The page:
America Fooled

Author: Timothy Scott
Publisher: Argo Publishing, LLC
ISBN: 9780977307500
Size: 53.45 MB
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Discusses the chemical imbalance theory, the FDA drug approval process and the influence of the pharmaceutical industry, deceptive designs of drug studies, long-term side effects of antidepressants and antipsychotics, and how to achieve good mental health without drugs.

A Nation Of Takers

Author: Nicholas Eberstadt
Publisher: Templeton Foundation Press
ISBN: 1599474360
Size: 10.19 MB
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In A Nation of Takers: America’s Entitlement Epidemic, one of our country’s foremost demographers, Nicholas Eberstadt, details the exponential growth in entitlement spending over the past fifty years. As he notes, in 1960, entitlement payments accounted for well under a third of the federal government’s total outlays. Today, entitlement spending accounts for a full two-thirds of the federal budget. Drawing on an impressive array of data and employing a range of easy- to- read, four color charts, Eberstadt shows the unchecked spiral of spending on a range of entitlements, everything from medicare to disability payments. But Eberstadt does not just chart the astonishing growth of entitlement spending, he also details the enormous economic and cultural costs of this epidemic. He powerfully argues that while this spending certainly drains our federal coffers, it also has a very real,long-lasting, negative impact on the character of our citizens. Also included in the book is a response from one of our leading political theorists, William Galston. In his incisive response, he questions Eberstadt’s conclusions about the corrosive effect of entitlements on character and offers his own analysis of the impact of American entitlement growth.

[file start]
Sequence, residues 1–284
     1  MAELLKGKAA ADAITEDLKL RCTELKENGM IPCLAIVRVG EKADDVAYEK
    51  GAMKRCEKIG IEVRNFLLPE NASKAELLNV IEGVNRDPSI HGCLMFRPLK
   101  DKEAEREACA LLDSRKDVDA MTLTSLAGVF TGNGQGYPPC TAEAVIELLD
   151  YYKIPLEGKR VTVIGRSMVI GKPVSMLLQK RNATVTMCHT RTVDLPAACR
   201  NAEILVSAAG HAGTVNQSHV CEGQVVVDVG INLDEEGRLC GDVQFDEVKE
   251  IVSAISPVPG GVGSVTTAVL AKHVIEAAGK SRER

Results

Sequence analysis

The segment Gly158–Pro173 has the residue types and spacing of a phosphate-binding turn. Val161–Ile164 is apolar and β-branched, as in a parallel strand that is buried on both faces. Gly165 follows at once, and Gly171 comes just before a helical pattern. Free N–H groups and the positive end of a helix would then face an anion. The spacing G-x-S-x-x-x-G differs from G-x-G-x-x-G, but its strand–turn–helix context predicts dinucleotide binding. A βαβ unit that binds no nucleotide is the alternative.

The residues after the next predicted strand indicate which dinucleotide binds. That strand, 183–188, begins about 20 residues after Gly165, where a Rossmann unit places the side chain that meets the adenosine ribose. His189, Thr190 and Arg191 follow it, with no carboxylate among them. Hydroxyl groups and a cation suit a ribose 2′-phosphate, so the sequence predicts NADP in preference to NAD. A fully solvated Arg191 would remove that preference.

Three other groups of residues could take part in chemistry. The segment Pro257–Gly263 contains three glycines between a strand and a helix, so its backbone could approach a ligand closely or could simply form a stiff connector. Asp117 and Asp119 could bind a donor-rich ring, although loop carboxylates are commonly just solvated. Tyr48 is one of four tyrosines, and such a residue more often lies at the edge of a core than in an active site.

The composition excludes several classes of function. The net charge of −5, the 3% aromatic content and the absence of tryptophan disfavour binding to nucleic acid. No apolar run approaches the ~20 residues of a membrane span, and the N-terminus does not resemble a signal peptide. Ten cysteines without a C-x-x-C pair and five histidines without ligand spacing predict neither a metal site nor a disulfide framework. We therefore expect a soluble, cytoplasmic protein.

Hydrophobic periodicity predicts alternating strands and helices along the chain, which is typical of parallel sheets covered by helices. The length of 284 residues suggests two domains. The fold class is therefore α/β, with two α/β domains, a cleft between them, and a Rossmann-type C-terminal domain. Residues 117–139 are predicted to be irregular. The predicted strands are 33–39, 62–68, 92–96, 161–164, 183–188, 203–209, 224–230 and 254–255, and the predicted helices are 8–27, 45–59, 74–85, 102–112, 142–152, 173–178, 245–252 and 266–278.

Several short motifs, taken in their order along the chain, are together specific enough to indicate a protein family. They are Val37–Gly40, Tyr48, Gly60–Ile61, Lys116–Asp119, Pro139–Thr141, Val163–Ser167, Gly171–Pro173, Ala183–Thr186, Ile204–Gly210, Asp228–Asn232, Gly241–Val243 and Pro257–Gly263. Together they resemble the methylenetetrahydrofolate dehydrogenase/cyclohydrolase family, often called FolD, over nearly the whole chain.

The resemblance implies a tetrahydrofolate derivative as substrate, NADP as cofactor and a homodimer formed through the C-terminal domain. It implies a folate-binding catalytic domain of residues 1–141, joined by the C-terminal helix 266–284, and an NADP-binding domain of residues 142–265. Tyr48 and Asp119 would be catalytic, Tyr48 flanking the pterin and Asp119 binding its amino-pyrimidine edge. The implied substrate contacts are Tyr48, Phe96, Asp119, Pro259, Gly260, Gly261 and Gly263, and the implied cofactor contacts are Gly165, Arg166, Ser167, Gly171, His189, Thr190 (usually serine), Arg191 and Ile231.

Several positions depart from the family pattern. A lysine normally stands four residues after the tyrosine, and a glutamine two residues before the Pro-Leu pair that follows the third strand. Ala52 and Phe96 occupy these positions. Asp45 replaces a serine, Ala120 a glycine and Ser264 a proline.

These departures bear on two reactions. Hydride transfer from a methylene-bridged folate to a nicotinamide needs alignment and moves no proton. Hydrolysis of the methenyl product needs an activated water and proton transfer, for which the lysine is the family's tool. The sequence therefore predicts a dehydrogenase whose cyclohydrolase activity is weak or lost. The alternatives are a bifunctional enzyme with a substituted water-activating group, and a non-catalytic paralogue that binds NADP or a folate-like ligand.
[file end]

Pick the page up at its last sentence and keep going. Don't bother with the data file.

Hypertension And You

Author: Samuel J. Mann
Publisher: Rowman & Littlefield Publishers
ISBN: 1442215194
Size: 70.13 MB
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Many of the nearly 70 million Americans with hypertension (high blood pressure) would like to bring it under control through lifestyle changes such as losing weight, cutting back on salt, exercising, or reducing stress. But, like it or not, most will require medication to get their blood pressure where it needs to be. The good news is that we have many excellent blood pressure medications which, when prescribed wisely, can control hypertension in almost everyone. The bad news is that, despite good intentions, doctors are placing millions of people who have hypertension on medications, drug combinations, or doses that are wrong for them, with staggering consequences that include uncontrolled hypertension, higher risk for stroke and heart attack, avoidable side effects, and billions of wasted health care dollars. Here, Dr. Mann, a nationally recognized hypertension specialist, identifies the drugs most likely to have side effects, and those that can be used in their place. He describes the shortcomings of some of the new drugs, while also introducing readers to some excellent old drugs that are woefully underused as a result of the publicity blitz surrounding the new, expensive ones. He emphasizes the importance of matching the medication and dosage to the individual who will be taking them, and presents the overlooked clues that can tell us who should be on which drug (even an excellent drug can be the wrong one if it is given to the wrong person or in the wrong dose). Hypertension and You is directed at the more than 50 million Americans (including a majority of people over the age of 60) who are taking blood pressure medication. Many patients suspect they might be on the wrong medication, but don’t know enough to be sure. This book shows how medications can be prescribed more wisely to achieve better results and gives patients the knowledge they need to capably discuss their medications with their health care providers. Hypertension and You provides many ideas and approaches that will be new to readers, and also to many physicians, and which no other book offers. It’s the first book to make the case that something is terribly wrong with how doctors are prescribing drugs for this condition. It provides readers with better knowledge of the available medications, empowering them to work with their physician to get onto the medications that are right for them.

The Truth About The Drug Companies

Author: Marcia Angell
Publisher: Random House Incorporated
ISBN: 0375760946
Size: 74.25 MB
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A physician and former editor-in-chief of The New England Journal of Medicine provides an explosive critique of the pharmaceutical industry, detailing its dangerous influence on medical research, education, and physicians; exposing the reasons behind the spiraling prescription drug prices; and proposing a program of vital reforms. Reprint.